Anybody else get really competitive in yoga? Let’s put aside, for a moment, the principles of yoga that revolve around being inwardly focused. Let’s get real. I want to know if I’m better than the person next to me doing a head stand.
I can barely focus because I’m always looking at the person next to, in front of, behind me. Are my arms as straight as their’s? Can I stretch farther than they can? Do I look like that, in a back bend?
These are just a few questions that run through my consciousness, when I’m supposed to be clearing my mind, finding rhythm in my breath. Can anyone else identify with me here? This has been an ongoing struggle for me, since I’ve gotten back into yoga after a seven year hiatus.
Not only do I measure up the people around me, but I have a hard time keeping my gaze on my focal point (in balance poses) when the person in front of me is hopping around like this is hop scotch. All I want to yell is, “Grab a wall people!” Not only am I doing everything I can not to fall down, I’m trying to not get angry at the person in front of me for being so inconsiderate for ruining my practice.
And then I remember, this is what yoga is all about: accepting people, accepting ourselves, focusing on ourselves and tuning the world out through our breath. Every time someone bothers me, I just bring it back to myself. What can I learn from this? When someone walks in late and slams the door. How can I be patient and understanding? When someone kicks me in the head with her foot repeatedly while getting into and out of down dog (no joke). Can I be proud of her for coming to yoga because she could benefit from some body awareness?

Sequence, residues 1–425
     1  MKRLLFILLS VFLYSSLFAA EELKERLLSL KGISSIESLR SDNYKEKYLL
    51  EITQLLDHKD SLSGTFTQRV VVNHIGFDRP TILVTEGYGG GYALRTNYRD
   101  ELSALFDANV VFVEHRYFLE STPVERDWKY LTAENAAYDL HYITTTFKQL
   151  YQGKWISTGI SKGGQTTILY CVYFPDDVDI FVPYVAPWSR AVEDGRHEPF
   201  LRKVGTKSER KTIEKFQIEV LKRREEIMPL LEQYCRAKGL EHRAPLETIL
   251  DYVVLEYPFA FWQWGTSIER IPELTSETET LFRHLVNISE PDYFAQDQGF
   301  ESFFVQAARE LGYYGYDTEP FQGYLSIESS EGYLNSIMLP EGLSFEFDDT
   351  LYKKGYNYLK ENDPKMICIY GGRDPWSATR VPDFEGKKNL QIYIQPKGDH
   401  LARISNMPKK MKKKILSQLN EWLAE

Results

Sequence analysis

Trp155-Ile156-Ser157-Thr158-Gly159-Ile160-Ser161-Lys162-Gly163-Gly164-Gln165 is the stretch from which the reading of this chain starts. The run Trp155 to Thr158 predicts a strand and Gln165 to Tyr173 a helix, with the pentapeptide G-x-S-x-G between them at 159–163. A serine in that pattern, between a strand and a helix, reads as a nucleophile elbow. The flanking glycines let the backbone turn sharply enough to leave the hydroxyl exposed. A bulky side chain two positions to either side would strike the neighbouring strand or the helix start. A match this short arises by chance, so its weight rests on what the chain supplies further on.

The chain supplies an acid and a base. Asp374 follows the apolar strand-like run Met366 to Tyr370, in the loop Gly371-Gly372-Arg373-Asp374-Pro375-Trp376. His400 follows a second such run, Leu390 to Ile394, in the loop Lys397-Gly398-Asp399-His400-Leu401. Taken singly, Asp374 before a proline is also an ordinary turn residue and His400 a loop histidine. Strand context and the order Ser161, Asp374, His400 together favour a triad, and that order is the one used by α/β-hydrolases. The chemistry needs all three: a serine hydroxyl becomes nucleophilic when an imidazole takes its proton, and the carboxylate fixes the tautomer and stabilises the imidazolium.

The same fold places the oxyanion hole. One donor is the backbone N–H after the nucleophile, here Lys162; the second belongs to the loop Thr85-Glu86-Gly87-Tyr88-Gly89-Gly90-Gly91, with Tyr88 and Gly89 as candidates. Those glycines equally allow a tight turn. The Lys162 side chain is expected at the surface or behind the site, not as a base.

Although yoga may only be a form of physical exercise for some, I exert a lot more mental and emotional energy in my practice. I am a high speed processor. My analytical mind is one of my greatest strengths, but it is such an inhibitor in yoga! I have a very difficult time quieting my mind, so I’ve listed a few tips.
- Pick a spot at the front of the room: I found that I have a much harder time being distracted by someone who is behind me, so I always pick the closest spot to the instructor.
- Close your eyes: Even in the very front of the room, many poses still leave me vulnerable to distractions, such as warrior II, side angle pose, side plank. I’ve learned to close my eyes for as much as possible.
- Breathe: With my eyes closed, I am able to focus on linking my breath with my movements. When I am connected to my body in such a way, my mind can empty and rest.
These are my tips for quelling the inner competitor while at yoga. Comment below and let me know what you struggle with in yoga class and how you handle it.